Scotland’s Kinloch Lodge has two people to thanks for its impeccable culinary reputation. One of them is its owner Lady Claire Macdonald, long-standing doyenne of Scottish cookery; the other is Marcello Tully, the hotel’s Brazil-born chef director. An alumnus of the Roux gastronomic empire, Marcello arrived at Kinloch in 2007, armed with a firm grounding in French cuisine, a finely honed technical skill and a passion for turning local speciality produce into show-stopping dishes. Under his leadership, the Kinloch kitchen became one of the most accomplished, admired and award-winning in Scotland – and the cooking classes he teaches in it became one of the hotel’s star attractions.
His first recipe book, The Key Ingredient, was published in 2017.
How did you end up teaching cooking?
There’s a history of cookery courses at Kinloch. Claire MacDonald has been hosting them for over 30 years and it seemed a natural progression for me, to not only train up-and-coming chefs in my kitchen, but also to teach inquisitive guests and non-residents here in the professional kitchen.
I love sharing what I’ve learned through the years and get great satisfaction in showing people that great food doesn’t need to be complex. I’m not into ‘kitchen secrets’.
What’s the hardest part of your job?
Persuading those who have picked up bad habits to change their ways.
…and the best?
Helping people to trust their palate and experiment with ingredients. To taste what they make as they prepare it and never be afraid to deviate a little from a recipe. Often the best dishes come about by chance.
Do you have a favourite course or topic that you teach?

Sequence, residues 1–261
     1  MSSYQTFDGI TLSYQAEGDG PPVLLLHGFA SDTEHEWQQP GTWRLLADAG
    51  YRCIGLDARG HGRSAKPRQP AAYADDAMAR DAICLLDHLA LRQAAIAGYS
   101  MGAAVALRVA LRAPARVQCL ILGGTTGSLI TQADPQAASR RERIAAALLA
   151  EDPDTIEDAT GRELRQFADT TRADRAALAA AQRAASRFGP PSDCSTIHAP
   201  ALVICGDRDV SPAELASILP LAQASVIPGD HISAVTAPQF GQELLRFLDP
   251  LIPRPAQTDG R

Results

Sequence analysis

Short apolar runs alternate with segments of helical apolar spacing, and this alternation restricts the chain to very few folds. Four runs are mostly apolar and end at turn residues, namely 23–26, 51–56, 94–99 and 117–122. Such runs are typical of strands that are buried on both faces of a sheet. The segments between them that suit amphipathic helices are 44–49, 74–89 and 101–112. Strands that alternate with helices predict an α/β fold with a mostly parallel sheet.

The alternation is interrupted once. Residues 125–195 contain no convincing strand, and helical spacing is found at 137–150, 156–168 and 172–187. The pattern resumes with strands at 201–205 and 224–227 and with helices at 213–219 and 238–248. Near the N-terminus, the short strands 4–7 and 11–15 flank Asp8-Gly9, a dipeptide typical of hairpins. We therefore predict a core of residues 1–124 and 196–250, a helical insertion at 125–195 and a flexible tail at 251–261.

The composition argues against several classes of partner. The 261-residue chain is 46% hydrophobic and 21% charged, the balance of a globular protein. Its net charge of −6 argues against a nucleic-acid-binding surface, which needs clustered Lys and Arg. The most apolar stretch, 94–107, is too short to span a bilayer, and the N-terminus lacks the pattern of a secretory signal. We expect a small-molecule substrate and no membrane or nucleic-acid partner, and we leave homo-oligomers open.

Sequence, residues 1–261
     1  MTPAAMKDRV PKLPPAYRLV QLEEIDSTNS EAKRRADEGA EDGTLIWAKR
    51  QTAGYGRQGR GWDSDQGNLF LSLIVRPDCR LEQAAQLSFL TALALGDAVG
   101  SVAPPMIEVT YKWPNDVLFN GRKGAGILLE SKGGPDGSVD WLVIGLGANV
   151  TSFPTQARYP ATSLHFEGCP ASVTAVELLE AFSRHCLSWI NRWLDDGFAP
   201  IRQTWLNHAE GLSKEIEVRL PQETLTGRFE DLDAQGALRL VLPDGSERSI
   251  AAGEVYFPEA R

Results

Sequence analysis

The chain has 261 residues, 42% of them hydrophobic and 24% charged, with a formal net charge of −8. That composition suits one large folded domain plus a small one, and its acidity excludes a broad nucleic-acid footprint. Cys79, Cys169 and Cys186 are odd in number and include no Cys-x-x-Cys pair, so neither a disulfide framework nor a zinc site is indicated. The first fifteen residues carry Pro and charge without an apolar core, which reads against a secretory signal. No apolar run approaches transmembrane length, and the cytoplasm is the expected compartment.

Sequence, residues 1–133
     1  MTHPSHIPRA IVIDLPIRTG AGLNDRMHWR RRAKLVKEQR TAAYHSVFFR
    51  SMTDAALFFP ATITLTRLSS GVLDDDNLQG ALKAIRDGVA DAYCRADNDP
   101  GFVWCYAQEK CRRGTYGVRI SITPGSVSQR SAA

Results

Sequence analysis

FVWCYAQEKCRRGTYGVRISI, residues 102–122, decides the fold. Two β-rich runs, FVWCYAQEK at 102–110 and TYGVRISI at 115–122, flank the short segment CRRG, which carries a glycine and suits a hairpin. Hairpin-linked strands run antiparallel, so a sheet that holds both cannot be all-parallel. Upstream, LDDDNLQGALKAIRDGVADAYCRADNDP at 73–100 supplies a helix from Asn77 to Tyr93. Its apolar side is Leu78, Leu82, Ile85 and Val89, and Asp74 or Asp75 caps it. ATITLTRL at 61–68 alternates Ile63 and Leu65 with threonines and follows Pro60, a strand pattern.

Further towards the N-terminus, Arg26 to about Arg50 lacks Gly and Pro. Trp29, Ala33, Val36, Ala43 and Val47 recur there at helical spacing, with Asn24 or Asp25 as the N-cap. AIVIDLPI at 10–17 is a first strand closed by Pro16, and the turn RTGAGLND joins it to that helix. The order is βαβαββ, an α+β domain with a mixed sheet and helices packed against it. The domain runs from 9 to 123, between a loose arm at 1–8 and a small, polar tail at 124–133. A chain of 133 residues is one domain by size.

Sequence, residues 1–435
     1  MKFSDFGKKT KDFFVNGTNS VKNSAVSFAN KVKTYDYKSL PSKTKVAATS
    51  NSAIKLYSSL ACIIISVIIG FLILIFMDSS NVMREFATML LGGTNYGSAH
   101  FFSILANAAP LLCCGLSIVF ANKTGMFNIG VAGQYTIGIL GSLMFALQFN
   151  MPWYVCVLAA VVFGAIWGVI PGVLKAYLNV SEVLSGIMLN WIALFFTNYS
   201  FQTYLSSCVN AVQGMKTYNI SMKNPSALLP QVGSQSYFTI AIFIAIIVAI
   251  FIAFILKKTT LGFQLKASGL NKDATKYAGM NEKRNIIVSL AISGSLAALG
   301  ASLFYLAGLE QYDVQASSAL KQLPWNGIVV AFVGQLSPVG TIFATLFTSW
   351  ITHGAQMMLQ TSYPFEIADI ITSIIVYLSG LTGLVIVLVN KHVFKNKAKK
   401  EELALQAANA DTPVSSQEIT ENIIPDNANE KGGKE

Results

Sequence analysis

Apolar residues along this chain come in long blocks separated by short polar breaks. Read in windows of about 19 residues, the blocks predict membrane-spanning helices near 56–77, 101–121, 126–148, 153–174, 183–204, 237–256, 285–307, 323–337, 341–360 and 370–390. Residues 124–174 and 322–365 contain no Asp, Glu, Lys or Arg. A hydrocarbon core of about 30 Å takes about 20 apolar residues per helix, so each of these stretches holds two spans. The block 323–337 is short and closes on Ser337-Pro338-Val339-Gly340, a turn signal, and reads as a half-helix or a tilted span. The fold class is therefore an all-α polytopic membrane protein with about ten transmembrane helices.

I really enjoy the opportunity to showcase Skye’s wonderful larder in our ‘Croft & Sea’ workshop. Seafood is abundant in our waters and there’s plenty of game on the hills and crofts – aptly recognised as some of the best produce in the world.
What do you think is the trickiest dish/technique that you teach in your classes?
I would say Kinloch’s one-day cured salmon fillet delicately wrapped in a delicious West Coast scallop mousse, but even that is achievable when you break it down.
How would you describe the atmosphere in the school kitchen?
Buzzing but professional. The training happens alongside my brigade of chefs, so there’s always a lot to see and discuss.
What do you think makes the school stand out?
I think it’s the fact that we have a number of different classes available; ideas for entertaining, pastry and bread, butchery and filleting, soups, sauces and mousses – the list is by no means exhaustive. If a client has something specific in mind, then great – let’s cook!
Also, the fact that the teaching takes place in the hotel’s kitchen itself, so people really get a feel for what working in a pro kitchen is really like. They usually love it.
Do you think some people are just bad cooks? Or can everyone be saved?No, I think it’s more of a case of confidence. There are those that simply don’t enjoy cooking and some who have had negative experiences. Those with bad habits just need a little persuasion and guidance to try doing things a little differently and perhaps cooking with ingredients they wouldn’t normally try.
Be honest now: are there any ingredients that you use in your classes that you don’t actually like?
No – if there was an ingredient that I absolutely hate, I wouldn’t have the urge or inclination to prepare any meal with it. That said, the only ingredient I can think of that I absolutely detest is cloves!
How often do you introduce new classes, and how do you decide what to teach?
Classes are available on request and can be held any day of the week or weekend. At Kinloch, we offer a range of cooking experiences; a full cookery workshop where we prepare and cook items on the lunch/evening menu, ranging from canapés, soups and starters, as well as a bespoke workshop which can covers topics such as pastry and bread, butchery and filleting, soups, sauces and mousses, fish and seafood, and entertaining. We also offer an Express Cookery Class where you learn how to make Kinloch’s famous savoury and sweet scones.
What are your three desert-island dishes?
Seared scallops with a warm sorrel foam – scallops are so quick and easy to cook!
Rope-grown mussels – gently steamed, with a delicious marinière.
Marinated venison loin flavoured with garlic, oranges, thyme and gin.